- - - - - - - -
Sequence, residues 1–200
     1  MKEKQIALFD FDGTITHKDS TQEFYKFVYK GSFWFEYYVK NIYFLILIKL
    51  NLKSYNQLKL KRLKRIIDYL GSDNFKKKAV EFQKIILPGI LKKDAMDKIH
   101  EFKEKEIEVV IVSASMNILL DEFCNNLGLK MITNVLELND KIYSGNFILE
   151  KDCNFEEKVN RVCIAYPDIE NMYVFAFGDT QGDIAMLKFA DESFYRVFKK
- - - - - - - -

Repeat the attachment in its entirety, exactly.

Sequence, residues 1–200
     1  MKEKQIALFD FDGTITHKDS TQEFYKFVYK GSFWFEYYVK NIYFLILIKL
    51  NLKSYNQLKL KRLKRIIDYL GSDNFKKKAV EFQKIILPGI LKKDAMDKIH
   101  EFKEKEIEVV IVSASMNILL DEFCNNLGLK MITNVLELND KIYSGNFILE
   151  KDCNFEEKVN RVCIAYPDIE NMYVFAFGDT QGDIAMLKFA DESFYRVFKK